Tuesday, April 9, 2024

Chronic Hepatitis C With Hepatic Coma

How Is Viral Hepatitis Prevented

Chronic Hepatitis C Is Associated With Peripheral Rather Than Hepatic Insulin Resistance

Prevention of hepatitis involves measures to avoid exposure to the viruses, using immunoglobulin in the event of exposure, and vaccines. Administration of immunoglobulin is called passive protection because antibodies from patients who have had viral hepatitis are given to the patient. Vaccination is called active protection because killed viruses or non-infectious components of viruses are given to stimulate the body to produce its own antibodies.

Avoidance of exposure to viruses

Prevention of viral hepatitis, like any other illness, is preferable to reliance upon treatment. Taking precautions to prevent exposure to another individual’s blood , semen , and other bodily secretions and waste will help prevent the spread of all of these viruses.

Use of immunoglobulins

Immune serum globulin is human serum that contains antibodies to hepatitis A. ISG can be administered to prevent infection in individuals who have been exposed to hepatitis A. ISG works immediately upon administration, and the duration of protection is several months. ISG usually is given to travelers to regions of the world where there are high rates of hepatitis A infection and to close or household contacts of patients with hepatitis A infection. ISG is safe with few side effects.

Hepatitis A

Individuals at increased risk of acquiring hepatitis A are:

Some local health authorities or private companies may require hepatitis A vaccination for food handlers.

Hepatitis B

Hepatitis B vaccine is recommended for:

Diagnosis Of Chronic Hepatitis

  • Liver test results compatible with hepatitis

  • Viral serologic tests

  • Possibly autoantibodies, immunoglobulins, alpha-1 antitrypsin level, and other tests

  • Occasionally biopsy

  • Serum albumin, platelet count, and prothrombin time/international normalized ratio

recommendations for testing, managing, and treating hepatitis C virus infection and the U.S. Preventive Services Task Forces clinical guideline Hepatitis C Virus Infection in Adolescents and Adults: Screening.)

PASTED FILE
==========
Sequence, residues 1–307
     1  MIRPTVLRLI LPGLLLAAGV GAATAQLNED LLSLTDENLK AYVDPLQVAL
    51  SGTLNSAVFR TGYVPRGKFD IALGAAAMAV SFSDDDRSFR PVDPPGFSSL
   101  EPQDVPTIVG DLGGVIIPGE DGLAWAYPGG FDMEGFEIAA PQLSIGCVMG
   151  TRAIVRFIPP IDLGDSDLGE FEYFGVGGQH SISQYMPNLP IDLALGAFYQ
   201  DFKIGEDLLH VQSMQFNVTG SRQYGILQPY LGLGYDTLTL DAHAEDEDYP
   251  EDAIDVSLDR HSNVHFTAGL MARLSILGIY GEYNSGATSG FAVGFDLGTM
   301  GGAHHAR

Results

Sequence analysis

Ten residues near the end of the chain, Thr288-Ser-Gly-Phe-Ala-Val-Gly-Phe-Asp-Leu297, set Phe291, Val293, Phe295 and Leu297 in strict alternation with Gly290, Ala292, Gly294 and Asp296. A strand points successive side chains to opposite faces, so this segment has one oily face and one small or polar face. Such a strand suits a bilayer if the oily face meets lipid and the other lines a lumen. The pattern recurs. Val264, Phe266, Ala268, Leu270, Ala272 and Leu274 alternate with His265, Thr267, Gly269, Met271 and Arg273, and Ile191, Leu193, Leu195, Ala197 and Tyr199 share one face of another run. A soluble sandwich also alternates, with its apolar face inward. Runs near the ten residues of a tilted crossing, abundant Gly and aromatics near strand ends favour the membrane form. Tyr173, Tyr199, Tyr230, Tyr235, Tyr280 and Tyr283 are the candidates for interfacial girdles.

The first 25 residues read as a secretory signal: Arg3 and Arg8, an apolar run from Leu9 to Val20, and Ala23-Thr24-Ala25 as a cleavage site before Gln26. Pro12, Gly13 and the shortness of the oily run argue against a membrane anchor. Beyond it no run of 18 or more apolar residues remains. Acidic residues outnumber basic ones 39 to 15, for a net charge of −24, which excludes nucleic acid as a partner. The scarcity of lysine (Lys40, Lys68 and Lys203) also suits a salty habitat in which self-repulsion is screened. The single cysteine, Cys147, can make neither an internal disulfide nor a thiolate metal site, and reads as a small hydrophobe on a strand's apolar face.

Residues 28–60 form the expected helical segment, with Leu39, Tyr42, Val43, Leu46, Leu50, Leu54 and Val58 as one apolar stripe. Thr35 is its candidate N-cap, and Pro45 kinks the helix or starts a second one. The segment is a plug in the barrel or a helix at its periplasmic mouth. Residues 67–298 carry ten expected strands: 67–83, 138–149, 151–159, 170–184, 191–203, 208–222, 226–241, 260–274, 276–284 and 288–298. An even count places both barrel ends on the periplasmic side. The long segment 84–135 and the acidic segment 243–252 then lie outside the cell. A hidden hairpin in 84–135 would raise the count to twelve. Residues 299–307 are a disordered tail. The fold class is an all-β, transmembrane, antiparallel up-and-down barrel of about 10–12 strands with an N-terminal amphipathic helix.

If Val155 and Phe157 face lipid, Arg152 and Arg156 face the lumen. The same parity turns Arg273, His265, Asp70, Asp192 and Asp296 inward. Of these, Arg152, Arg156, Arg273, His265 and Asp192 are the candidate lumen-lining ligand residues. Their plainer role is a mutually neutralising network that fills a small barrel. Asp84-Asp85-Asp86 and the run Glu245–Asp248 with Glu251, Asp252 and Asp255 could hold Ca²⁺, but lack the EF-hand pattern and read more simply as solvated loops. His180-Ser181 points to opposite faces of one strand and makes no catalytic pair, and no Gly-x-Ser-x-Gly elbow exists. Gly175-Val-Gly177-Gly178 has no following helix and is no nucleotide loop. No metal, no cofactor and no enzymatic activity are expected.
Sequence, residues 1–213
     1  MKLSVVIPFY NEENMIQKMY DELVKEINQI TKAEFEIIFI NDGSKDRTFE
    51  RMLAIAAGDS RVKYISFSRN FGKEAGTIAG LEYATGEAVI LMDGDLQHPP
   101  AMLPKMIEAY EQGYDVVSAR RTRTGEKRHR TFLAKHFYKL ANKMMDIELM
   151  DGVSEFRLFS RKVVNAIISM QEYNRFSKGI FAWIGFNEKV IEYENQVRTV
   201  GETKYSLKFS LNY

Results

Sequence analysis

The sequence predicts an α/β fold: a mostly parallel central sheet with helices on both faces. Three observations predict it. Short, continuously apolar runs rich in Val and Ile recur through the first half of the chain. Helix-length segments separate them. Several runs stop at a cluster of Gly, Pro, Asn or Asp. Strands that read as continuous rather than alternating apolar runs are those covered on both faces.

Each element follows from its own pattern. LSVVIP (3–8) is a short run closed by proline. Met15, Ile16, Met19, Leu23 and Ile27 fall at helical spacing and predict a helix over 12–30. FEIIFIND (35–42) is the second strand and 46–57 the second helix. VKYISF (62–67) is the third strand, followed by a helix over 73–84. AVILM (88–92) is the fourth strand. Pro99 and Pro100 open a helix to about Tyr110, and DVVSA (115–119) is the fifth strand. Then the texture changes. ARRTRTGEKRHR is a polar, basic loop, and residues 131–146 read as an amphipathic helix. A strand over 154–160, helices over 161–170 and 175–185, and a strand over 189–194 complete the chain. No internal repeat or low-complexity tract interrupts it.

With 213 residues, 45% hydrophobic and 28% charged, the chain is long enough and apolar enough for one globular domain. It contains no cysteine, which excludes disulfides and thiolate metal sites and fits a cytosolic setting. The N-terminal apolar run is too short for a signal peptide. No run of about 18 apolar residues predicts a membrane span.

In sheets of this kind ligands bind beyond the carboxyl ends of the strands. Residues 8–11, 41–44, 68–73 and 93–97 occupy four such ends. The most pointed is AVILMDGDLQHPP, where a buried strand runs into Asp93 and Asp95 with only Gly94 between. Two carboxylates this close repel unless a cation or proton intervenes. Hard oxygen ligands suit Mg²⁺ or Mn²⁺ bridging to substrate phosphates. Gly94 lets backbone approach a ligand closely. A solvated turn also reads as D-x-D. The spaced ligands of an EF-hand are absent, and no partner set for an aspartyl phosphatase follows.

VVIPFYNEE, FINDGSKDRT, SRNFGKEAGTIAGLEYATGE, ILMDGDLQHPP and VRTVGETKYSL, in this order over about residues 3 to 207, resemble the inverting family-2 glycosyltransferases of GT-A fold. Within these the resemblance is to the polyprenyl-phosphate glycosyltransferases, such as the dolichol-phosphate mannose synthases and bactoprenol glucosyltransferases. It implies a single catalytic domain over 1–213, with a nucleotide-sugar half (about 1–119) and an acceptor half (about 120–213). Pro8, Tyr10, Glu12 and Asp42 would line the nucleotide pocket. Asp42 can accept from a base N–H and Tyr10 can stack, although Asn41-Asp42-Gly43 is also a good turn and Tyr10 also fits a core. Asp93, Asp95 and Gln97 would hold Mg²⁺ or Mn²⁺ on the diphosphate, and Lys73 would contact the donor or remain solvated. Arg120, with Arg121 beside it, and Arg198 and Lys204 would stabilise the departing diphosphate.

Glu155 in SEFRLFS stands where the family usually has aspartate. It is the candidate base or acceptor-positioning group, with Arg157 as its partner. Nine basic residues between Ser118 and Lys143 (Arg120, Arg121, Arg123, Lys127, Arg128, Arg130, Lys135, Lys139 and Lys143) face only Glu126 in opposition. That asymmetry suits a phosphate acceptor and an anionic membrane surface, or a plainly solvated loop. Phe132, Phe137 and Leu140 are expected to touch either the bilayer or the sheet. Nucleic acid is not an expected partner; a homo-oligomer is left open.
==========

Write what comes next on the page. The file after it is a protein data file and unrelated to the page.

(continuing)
Chronic hepatitis is suspected in patients with any of the following:

  • Suggestive symptoms and signs

  • Incidentally noted elevations in aminotransferase levels

  • Previously diagnosed acute hepatitis

In addition, to identify asymptomatic patients, the CDC recommends testing of all adults 18 years at least once.

Baseline Predictors Of Child

Male sex , platelet count lower than 100,000/L , increased international normalized ratio , presence of esophageal varices , history of HCC and history of decompensation were significantly associated with C-P class worsening at univariate analysis. At multivariate analysis, male sex , platelet count lower than 100,000/L and increased INR resulted independently associated with C-P class worsening. HIV coinfection was not associated with the C-P class worsening both at univariate and at multivariate analysis .

Table 4 – Baseline factors associated with Child-Pugh class worsening following viral eradication. Univariate and multivariate analysis

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Hepatitis C Can Be Invisible

There may be few symptoms after initial HCV infection. Many people with hepatitis C dont even know they have the life-threatening disease.

HCV attacks the liver. Many people exposed develop a chronic infection after initial infection with HCV. Chronic HCV infection slowly causes inflammation and damage in the liver. Sometimes the condition may not be diagnosed for 20 or 30 years.

  • yellow discoloration in eyes and skin
  • swelling in legs
  • abnormal blood tests, such as bilirubin, albumin, and coagulation parameters
  • enlarged veins in the esophagus and upper stomach that may bleed
  • impaired mental function due to buildup of toxins
  • infection of the abdominal lining and ascites
  • combined kidney and liver failure

A liver biopsy will show scarring, which can confirm the presence of cirrhosis in people with HCV.

Lab tests and a physical exam may be enough for your doctor to diagnose advanced liver disease without a biopsy.

Less than a quarter of people with HCV will develop cirrhosis. But, certain factors can increase your risk of cirrhosis, including:

  • alcohol use
  • infection with HCV and another virus
  • high levels of iron in the blood

Anyone with chronic HCV infection should avoid alcohol. Cirrhosis can also accelerate in people older than 45 as fibrosis and scarring increase. Aggressively treating HCV infection in younger people may help prevent progression to cirrhosis.

Its important to stay healthy if you have cirrhosis. Be sure to keep all immunizations up to date, including:

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Hepatitis / Acute Liver Failure / Elevated Liver Enzy ...

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Life Expectancy Among Patients With Chronic Hepatitis C Virus Infection And Cirrhosis

by The JAMA Network Journals

Patients with chronic hepatitis C virus infection and advanced fibrosis or cirrhosis who attained sustained virological response had survival comparable with that of the general population, whereas patients who did not attain SVR had reduced survival, according to a study in the November 12 issue of JAMA.

Almost three million people in the United States are chronically infected with the hepatitis C virus . The life expectancy of patients with chronic HCV infection is reduced compared with the general population, largely attributable to the development of cirrhosis, liver failure and cancer. Studies have shown that the risk of all-cause death is lower among patients with chronic HCV infection and advanced hepatic fibrosis if sustained virological response is attained, but comparisons have been limited to those without SVR, according to background information in the article.